Windmills

Jordan Spieth at the 149th playing of the British Open

I watched the last two rounds of The British Open at Royal St. George last month. One one particular hole there was a large bank of wind turbines visible in the background. I thought of how some people complain that wind turbines are a blight; that looking at them is disturbing, in-artful, etc. However, knowing they are contributing to the long-term habitability of our planet, I’m fine with it. In fact, it’s beautiful. It’s reminiscent of how I, and many artists, envisioned the worlds of science fiction.

An Artist’s conception of a space habitat

While much of the artwork to be found in science fiction can be pretty dystopian, there are also a lot of concepts that are truly beautiful and evoke human capabilities far beyond those we’re able to employ nowadays. This is especially true of artwork depicting habitats built to exist in space. Like the art depicted above, these habitats are invariably curved, since a “station” that slowly rotates around a central axis will create a gravitational simulation that should suit the human body as much as “real” gravity on our home planet.

At least, that’s what I think would happen. Nobody’s done it yet, though I believe the science is pretty sound. It’s conceivable to me this future awaits us; surely not in my lifetime, but within the next hundred or so years. That being the case, I find it easy to put up with a bank of windmills off in the distance. The reality is, if we’re ever going to be a space-faring world—I mean really able to move off the planet—we first have to ensure Earth remains reasonably habitable … and we don’t seem to be doing a very good job of that right now. More about that later.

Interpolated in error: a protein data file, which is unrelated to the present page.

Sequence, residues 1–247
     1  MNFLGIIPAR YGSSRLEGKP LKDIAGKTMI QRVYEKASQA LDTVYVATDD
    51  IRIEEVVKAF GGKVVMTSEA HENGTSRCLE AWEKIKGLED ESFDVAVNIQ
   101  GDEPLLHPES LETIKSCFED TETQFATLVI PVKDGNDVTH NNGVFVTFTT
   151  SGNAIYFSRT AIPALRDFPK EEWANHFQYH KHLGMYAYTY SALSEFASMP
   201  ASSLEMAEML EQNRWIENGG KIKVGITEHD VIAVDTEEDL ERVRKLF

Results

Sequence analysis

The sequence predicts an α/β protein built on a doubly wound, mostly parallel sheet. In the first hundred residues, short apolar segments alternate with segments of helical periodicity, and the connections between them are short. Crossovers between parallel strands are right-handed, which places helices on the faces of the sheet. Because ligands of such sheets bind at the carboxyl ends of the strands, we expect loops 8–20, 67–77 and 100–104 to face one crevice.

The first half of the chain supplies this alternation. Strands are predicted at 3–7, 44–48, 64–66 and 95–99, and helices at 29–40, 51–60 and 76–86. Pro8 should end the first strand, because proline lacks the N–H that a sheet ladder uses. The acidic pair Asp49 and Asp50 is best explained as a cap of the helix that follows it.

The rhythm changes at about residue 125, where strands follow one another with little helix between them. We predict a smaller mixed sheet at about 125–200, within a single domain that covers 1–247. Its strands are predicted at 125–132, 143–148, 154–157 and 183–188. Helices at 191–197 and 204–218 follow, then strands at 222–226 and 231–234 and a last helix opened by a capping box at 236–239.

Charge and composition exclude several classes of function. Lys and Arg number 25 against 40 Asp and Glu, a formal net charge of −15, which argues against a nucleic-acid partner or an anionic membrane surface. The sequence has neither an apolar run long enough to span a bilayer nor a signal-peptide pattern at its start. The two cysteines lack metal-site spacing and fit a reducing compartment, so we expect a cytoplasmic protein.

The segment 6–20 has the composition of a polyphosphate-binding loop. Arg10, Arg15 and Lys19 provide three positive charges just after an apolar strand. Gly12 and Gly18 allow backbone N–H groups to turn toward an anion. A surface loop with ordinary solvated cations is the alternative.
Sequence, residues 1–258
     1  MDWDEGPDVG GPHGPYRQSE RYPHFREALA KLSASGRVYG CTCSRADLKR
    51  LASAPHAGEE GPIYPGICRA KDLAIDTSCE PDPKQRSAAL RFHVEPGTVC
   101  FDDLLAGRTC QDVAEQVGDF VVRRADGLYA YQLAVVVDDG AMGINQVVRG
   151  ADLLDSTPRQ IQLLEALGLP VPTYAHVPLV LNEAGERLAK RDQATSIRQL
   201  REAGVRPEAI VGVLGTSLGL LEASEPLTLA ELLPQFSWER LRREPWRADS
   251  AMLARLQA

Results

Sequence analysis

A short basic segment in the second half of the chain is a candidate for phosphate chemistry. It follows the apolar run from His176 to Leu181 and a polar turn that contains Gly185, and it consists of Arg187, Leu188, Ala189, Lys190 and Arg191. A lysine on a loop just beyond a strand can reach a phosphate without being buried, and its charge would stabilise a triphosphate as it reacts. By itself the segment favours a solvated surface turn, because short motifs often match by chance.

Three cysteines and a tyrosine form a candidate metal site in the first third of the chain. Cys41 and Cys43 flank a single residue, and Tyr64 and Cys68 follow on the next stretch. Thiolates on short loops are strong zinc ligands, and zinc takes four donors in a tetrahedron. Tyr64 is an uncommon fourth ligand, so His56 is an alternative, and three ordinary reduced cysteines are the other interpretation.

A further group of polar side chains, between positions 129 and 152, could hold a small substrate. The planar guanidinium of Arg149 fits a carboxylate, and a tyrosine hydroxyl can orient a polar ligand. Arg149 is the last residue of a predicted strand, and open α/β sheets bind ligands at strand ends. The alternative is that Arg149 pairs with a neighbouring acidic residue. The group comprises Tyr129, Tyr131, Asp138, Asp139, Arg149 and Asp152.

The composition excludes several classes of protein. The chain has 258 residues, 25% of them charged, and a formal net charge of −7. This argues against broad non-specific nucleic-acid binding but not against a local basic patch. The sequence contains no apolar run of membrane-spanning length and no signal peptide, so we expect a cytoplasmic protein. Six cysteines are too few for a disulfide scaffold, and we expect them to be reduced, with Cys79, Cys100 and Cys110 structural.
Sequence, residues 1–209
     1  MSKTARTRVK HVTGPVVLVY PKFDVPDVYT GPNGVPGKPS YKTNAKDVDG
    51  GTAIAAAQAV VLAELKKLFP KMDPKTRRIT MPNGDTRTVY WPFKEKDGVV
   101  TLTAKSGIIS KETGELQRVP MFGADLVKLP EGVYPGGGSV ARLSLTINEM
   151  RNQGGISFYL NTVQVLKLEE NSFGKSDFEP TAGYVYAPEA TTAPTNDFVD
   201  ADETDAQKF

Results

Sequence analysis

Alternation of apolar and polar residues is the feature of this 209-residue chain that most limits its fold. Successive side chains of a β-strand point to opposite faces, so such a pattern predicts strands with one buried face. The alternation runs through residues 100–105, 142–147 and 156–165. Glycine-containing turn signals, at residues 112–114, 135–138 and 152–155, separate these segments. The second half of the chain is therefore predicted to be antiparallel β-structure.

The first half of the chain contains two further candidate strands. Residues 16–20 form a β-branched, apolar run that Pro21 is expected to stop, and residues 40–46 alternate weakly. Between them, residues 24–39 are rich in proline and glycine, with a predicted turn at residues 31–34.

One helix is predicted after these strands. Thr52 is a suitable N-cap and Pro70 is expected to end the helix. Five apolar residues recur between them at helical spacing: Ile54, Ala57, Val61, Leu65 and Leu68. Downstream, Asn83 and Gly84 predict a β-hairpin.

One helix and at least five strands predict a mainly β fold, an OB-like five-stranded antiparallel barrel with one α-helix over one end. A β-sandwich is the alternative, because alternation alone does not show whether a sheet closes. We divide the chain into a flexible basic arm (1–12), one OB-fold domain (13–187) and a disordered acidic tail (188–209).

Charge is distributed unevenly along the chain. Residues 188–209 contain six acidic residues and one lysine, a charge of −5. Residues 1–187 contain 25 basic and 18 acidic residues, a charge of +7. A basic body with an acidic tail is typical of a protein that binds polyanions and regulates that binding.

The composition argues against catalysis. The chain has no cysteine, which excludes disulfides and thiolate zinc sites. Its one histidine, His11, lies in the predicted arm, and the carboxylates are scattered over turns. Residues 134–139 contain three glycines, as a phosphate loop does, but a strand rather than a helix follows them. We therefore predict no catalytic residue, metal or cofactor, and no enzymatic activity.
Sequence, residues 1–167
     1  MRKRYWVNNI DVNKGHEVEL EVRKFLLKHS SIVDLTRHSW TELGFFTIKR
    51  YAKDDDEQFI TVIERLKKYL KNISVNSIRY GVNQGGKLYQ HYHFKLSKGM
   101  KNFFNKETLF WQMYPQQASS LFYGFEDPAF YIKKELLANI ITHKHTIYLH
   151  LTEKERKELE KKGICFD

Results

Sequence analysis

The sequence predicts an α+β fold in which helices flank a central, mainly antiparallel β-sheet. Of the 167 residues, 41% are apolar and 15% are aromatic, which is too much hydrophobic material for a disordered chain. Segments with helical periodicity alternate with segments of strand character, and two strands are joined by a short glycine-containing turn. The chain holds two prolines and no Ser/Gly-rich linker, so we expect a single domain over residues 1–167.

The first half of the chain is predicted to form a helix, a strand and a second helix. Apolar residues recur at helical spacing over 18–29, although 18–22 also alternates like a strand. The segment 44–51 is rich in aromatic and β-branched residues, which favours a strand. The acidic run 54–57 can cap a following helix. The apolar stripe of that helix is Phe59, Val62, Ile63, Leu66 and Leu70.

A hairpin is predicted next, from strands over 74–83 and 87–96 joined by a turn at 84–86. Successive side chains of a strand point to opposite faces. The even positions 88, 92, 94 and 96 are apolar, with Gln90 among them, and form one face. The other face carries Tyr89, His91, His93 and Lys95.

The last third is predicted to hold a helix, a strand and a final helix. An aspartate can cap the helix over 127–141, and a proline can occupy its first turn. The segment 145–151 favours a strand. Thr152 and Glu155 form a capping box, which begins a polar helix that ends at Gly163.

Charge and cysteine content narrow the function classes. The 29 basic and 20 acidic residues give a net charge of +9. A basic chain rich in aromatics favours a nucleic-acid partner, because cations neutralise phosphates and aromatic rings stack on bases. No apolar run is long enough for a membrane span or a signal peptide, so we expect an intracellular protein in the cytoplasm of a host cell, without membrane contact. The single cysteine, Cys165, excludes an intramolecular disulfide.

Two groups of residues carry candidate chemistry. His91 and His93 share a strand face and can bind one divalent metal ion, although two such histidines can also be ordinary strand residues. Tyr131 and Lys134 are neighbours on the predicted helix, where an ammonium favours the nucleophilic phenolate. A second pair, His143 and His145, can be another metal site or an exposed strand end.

About Rick Ladd

Since my retirement from Pratt & Whitney Rocketdyne in 2010, I have spent quite a bit of energy on developing work as a social media marketer for small business, a business manager for an AI software development firm, and as an editor/proofreader for a number of business books and a couple of novels, as well as a two-year return engagement at Rocketdyne from 2015 to 2017. I have decided to stop actively pursuing business in these fields and am now positioning myself to be a writer. I have done quite a bit of writing over the years, but I’ve never really attempted to make any money at it; at least not specifically. I’m starting out with a couple of memoirs and, currently, I’m studying the craft, creating a detailed outline and timeline, and honing my skills as a storyteller. Pretty sure I’ll be writing some fiction as well. View all posts by Rick Ladd

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